Will 2018 Be the Year of Independents?
Several experienced or well-funded independent candidates are running for governor. In some cases, leaving the Democratic or Republican party to do it.
Terry Hayes is fed up. Like a lot of people, she’s become disillusioned with both the Democratic and Republican parties and is ready for something new. “It’s not just the parties that are the problem -- partisanship is the problem,” she says. “There’s an expectation that there’s just one right way.”
That’s why Hayes, the state treasurer of Maine, is running for governor as an independent. The former Democrat is hoping to become the third independent to be elected governor of Maine in the past half-century. She says that if she ran as a Democrat, she’d be expected to hew the party line on all issues. She’s not willing to do that.
And she’s not alone. Several other candidates in Maine are running as independents or under third-party banners. In Alaska, Bill Walker, currently the nation’s only independent governor, is seeking reelection. And experienced or well-funded independent candidates are running for governor or exploring bids in Arizona, Connecticut, Kansas, Nebraska and Rhode Island. “There have always been independent candidates,” says Joel Searby, senior strategist for the Centrist Project, which supports independents. “The difference is the caliber of candidates and the organization and infrastructure behind them.”
With both parties seeming to move to their respective ideological extremes -- Republicans to the right and Democrats to the left -- it seems like there should be plenty of room in the middle for centrist candidates, says Marjorie Hershey, an expert on political parties at Indiana University. The problem, she says, is that while voters may feel disaffected with the two parties, they aren’t all upset for the same reasons. Typically, self-described independents, who tend to lean toward one party or the other, will shy away from a party’s platform on some issues but embrace it on others. “The people in the middle aren’t necessarily moderate,” Hershey says. “They’re just inconsistently extremist -- right-wing on some things and left on others.”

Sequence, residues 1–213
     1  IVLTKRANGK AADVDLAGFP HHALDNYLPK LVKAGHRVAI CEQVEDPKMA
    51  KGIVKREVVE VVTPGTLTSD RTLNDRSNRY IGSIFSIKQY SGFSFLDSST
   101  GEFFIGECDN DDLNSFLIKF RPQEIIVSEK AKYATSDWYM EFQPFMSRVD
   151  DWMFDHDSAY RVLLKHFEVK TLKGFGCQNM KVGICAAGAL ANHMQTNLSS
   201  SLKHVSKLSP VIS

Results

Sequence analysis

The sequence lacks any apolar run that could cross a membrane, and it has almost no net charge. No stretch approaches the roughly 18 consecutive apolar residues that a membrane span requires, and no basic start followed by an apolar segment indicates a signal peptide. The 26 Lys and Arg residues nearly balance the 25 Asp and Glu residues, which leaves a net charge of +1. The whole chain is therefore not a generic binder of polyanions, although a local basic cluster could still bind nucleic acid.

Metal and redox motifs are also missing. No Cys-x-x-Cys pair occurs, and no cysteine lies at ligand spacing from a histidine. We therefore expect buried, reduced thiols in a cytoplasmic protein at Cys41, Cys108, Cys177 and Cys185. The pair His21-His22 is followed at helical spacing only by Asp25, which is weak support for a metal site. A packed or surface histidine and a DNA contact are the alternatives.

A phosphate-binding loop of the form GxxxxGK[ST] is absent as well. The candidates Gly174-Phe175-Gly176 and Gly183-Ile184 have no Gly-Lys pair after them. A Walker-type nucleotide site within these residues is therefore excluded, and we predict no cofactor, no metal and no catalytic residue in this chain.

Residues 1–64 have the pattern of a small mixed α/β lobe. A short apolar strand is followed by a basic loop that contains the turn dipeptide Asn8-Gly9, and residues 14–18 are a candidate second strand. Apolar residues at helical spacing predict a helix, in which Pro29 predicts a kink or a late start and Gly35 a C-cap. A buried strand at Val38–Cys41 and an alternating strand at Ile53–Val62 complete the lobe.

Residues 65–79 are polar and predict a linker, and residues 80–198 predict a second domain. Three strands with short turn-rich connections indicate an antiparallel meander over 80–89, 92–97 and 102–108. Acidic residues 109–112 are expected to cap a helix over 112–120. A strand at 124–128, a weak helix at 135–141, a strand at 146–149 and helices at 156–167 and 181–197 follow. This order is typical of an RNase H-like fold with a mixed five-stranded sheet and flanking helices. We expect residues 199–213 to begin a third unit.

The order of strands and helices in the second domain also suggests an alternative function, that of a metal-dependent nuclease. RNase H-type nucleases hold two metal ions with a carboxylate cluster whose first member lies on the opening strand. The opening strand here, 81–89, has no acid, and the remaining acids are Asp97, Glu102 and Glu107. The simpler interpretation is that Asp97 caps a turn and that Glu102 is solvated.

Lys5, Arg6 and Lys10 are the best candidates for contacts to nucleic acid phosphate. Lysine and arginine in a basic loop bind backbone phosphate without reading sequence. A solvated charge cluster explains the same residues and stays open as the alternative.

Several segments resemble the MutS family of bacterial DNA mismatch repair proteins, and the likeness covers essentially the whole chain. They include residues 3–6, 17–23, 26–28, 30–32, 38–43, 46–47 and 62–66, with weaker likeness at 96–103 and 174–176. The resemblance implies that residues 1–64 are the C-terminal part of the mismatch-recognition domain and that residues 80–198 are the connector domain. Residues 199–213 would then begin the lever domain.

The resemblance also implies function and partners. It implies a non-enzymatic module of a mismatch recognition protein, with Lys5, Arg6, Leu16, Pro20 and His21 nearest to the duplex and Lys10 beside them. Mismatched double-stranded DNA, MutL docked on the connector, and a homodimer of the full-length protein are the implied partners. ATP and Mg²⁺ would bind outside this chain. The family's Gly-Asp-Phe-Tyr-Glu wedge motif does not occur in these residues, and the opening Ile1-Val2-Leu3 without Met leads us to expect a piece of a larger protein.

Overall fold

As an example, former Republican state Rep. Joe Trillo is running for governor as an independent in Rhode Island not as a moderate, but because he feels the state GOP has been insufficiently supportive of President Trump.
According to Gallup, the number of self-identified independent voters has ticked down over the past year, with more people choosing sides in the Trump era. Independent candidates have always had a tough road ahead of them. The two main parties enjoy huge structural advantages. But independents can win, especially when they start out with high profiles, lots of resources and face a field where support is fractured for some reason.
“You can’t say independents are the wave of the future,” says Darryl Paulson, a political scientist at the University of South Florida, “but you probably can say that the door has been opened to independent candidates far more than before, and we’re going to see more of them.”